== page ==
Melissa: When I was in grade four in Catholic School, I had this teacher named Mrs. Sheardown.
Aaron: Hahaha. Sounds like a character in a restoration comedy.
Melissa: Exactly! And she would show you how to say her name—like break it down. Shh. Ear. Down. As if it’s the hardest name to say, ever. And she would sit at this student’s desk in the middle of the portable with a bell, and just ring the bell whenever you irritated her. And you’d have to recite In Flanders Fields by memory and if you tripped up she’d humiliate you.
Aaron: It’s like a Charles Dickens novel.
Melissa: You have no idea. Well…part way through the year she had to get her hip replaced, and we got this substitute teacher fresh out of teacher’s college. Mr. DeRose.
Julie: Great name.
Melissa: Oh yeah. He was gorgeous—he looked like Elvis and he wore biker boots, and basically we could do anything we wanted. We would play soccer baseball all morning—
Aaron: I LOVED soccer baseball!
Melissa: I know! He would play chess tournaments with the boys, but never the girls.
Julie: Was that a rule of his?
Melissa: Yep. Girls weren’t allowed to play. I think he wanted to hang out with the boys and he thought all the girls had crushes on him.
Julie: Ah yes.
Melissa: And he used to make us play this game called Duck Hunt, where you would have to walk across the blackboard one at a time and he’d whip tennis balls at us to try and hit us, and you weren’t allowed to duck—you were only allowed to move forward or back or walk faster.
Julie: What? Did people get concussions?
Melissa: No… just minor bruising. And then one day, he brought in his guitar because we were doing a unit on sound and instruments. And he says, ‘Okay, kids, I want to introduce you to my favourite band—The Sex Pistols.’ And he unbuttons his shirt and he’s wearing a Sex Pistols T-shirt.
Melissa: Oh yes. And then he plays us the song Abortion—which is really a song called Bodies, but it’s about Abortion. ABORTION. In my fourth grade, Catholic School, portable classroom. And I don’t know if you’ve ever heard that song, but the lyrics are pretty much: She was a girl from Birmingham/She just had an abortion. Dragged to a table in a factory…etc, etc.
Melissa: And I think we were all so shocked that it was happening that none of us went up to our parents and said, ‘Guess what? Mr. DeRose played us an abortion song today’.
Julie: Do you know what happened to that teacher, Melissa? Did you ever see him again at school?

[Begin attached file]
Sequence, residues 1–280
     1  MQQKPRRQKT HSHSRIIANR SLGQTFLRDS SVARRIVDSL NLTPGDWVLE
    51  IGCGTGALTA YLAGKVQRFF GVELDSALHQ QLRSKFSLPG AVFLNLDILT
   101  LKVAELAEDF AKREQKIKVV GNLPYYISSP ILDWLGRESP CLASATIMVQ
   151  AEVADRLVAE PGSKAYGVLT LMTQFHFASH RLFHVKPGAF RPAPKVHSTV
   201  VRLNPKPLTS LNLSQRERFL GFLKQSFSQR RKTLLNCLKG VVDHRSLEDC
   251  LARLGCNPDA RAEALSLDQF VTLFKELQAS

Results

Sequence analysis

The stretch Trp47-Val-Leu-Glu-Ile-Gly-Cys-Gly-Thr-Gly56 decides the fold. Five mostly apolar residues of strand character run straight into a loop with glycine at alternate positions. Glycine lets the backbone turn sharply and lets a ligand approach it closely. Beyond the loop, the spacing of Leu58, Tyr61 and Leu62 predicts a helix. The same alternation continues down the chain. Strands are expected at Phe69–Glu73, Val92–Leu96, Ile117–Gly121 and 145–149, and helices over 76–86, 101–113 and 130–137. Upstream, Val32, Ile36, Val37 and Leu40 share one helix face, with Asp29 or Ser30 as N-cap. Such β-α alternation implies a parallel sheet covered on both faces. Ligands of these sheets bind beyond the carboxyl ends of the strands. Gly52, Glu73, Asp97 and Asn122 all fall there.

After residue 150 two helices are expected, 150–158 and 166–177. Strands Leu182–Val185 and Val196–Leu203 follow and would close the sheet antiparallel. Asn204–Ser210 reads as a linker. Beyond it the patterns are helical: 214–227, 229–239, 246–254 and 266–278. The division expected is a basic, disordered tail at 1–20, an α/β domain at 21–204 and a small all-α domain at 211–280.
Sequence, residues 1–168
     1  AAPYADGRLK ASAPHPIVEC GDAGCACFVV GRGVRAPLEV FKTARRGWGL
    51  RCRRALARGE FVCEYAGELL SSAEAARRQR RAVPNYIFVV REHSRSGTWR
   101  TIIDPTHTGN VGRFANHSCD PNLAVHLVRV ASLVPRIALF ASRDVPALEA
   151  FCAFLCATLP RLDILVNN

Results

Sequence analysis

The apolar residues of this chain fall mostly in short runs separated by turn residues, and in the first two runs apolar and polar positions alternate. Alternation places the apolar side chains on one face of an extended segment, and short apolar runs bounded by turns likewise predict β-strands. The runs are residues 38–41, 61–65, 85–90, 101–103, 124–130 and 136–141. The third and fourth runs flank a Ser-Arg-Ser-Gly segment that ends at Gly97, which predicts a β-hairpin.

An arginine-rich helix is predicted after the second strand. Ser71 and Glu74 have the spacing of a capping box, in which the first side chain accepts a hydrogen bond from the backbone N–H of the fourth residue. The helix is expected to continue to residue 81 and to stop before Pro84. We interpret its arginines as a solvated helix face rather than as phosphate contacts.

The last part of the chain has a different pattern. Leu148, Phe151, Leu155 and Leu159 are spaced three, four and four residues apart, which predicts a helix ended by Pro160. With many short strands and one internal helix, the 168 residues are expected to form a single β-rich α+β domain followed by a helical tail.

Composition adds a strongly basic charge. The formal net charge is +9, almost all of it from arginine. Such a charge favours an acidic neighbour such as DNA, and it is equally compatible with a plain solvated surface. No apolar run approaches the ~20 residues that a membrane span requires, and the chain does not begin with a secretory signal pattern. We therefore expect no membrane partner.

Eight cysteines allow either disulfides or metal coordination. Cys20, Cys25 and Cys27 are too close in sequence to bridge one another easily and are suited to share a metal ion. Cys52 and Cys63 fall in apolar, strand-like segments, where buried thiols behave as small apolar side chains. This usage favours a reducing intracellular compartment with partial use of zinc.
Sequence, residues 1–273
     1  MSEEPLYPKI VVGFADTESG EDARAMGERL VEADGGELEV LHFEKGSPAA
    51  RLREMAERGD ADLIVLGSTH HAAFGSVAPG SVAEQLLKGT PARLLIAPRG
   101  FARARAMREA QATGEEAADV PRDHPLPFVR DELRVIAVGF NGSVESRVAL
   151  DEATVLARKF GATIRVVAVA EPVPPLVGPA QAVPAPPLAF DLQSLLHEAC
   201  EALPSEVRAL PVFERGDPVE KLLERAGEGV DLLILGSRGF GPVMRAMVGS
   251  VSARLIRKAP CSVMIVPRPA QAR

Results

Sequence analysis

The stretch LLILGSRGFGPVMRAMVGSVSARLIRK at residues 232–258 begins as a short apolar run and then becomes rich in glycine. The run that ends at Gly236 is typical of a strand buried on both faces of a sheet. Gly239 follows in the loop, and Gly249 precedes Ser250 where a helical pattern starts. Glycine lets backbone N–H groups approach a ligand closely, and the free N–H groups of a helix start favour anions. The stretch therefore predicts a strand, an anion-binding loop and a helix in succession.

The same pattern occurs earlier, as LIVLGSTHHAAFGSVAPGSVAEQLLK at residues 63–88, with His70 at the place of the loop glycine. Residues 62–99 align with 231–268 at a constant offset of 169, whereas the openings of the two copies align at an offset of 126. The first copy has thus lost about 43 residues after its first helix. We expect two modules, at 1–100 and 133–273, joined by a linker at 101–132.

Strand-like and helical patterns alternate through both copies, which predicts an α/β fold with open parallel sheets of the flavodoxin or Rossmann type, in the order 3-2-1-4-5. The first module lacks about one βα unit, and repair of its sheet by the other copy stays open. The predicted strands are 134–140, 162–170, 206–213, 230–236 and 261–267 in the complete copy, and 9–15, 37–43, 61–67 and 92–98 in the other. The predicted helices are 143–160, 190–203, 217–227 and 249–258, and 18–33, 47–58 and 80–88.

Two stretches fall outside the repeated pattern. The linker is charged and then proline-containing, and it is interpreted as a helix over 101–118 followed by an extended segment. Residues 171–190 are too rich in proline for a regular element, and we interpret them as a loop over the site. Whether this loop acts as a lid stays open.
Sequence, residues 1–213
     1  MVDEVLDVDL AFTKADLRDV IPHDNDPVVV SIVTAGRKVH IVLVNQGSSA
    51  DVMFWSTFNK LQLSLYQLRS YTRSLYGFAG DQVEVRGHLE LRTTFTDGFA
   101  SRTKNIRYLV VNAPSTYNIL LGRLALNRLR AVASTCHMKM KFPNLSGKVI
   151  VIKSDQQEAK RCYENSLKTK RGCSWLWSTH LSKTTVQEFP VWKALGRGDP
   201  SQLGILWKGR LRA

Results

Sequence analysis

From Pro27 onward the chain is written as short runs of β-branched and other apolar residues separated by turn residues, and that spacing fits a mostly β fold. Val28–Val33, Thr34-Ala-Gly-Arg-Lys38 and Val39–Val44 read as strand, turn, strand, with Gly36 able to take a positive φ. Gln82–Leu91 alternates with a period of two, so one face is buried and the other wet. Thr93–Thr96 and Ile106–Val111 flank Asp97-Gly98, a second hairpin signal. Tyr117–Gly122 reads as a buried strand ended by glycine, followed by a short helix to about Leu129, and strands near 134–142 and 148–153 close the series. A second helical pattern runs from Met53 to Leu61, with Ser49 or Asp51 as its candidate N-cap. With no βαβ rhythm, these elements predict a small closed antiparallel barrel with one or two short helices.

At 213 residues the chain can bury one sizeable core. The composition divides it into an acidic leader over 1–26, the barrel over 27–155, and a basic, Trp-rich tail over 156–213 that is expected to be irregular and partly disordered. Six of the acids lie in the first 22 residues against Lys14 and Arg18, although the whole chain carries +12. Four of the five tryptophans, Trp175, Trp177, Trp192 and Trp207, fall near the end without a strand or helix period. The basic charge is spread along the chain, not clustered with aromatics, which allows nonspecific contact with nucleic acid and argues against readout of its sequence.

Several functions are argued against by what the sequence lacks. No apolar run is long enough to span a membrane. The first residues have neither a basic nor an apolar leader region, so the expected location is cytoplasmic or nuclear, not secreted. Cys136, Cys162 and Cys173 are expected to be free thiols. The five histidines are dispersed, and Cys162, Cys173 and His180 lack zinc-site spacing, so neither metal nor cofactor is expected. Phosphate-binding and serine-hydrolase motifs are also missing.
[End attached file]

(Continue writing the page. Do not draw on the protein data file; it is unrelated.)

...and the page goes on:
Melissa: I’ve never seen him since then.
Julie: You should put a shout out.
Melissa: Ha. I should.
Julie: I mean…we have all these memories. And we were quite young when some of these things happened. And I wonder if these teachers would be shocked to hear our memories of these stories played back, how they remember them—if they remember them at all. It just proves that what you do has an impact.
On Diego Rivera & Being Lost in Detroit:
Julie: In November we were in Michigan teaching Shakespeare in High Schools. And we were obligated to go one afternoon to a luncheon with these members—
Aaron: These are all the rich donors—
Julie: Our grandparents’ age, mostly, who give money to the company we work for, and support this education program.
Julie: So they have couples who come pick us up at the hotel and drive us downtown into Detroit, now what’s so funny is that none of them live in Detroit, they all live in the Burbs, which is where the hotel was, so they all got lost, they didn’t know where they were going.
Melissa: Lost in Detroit?
Julie: Lost in Detroit.
Melissa: I’ve been lost in Detroit. At night. In a cab. It’s not fun.
Julie: So we go—it was actually at a gorgeous museum—
Aaron: The Detroit Institute of Art.
Julie: Right, the DIA. And before lunch, the couple who drove us, they’re nice enough, and they say, before lunch you have to let us take you to this mural. It’s the –I can’t remember his name. Frida Kahlo’s husband at the time—
Melissa&Aaron: Diego Rivera.
Julie: Yes. Was commissioned to make a gigantic mural of the workers. So he took us there—
Aaron: And what was cool is they got a docent to give us a talk about it. And she was telling us the story of the mural, and the things he did, because he was an ardent socialist, and—
Julie: He put himself in the mural—
Melissa: He often did, yes, and other historical and socialist figures.
Aaron: And so there’s a lot of stuff about the Ford factories, and there is a black man front and center working on the floor.
Julie: Which was very controversial—
Aaron: –because Ford never had a black man working on the floor. He also had Ford sitting at his desk next to a bunch of pipes which looked like a big ear, alluding to the fact that Ford would have people on the floor listening to people talking about unions.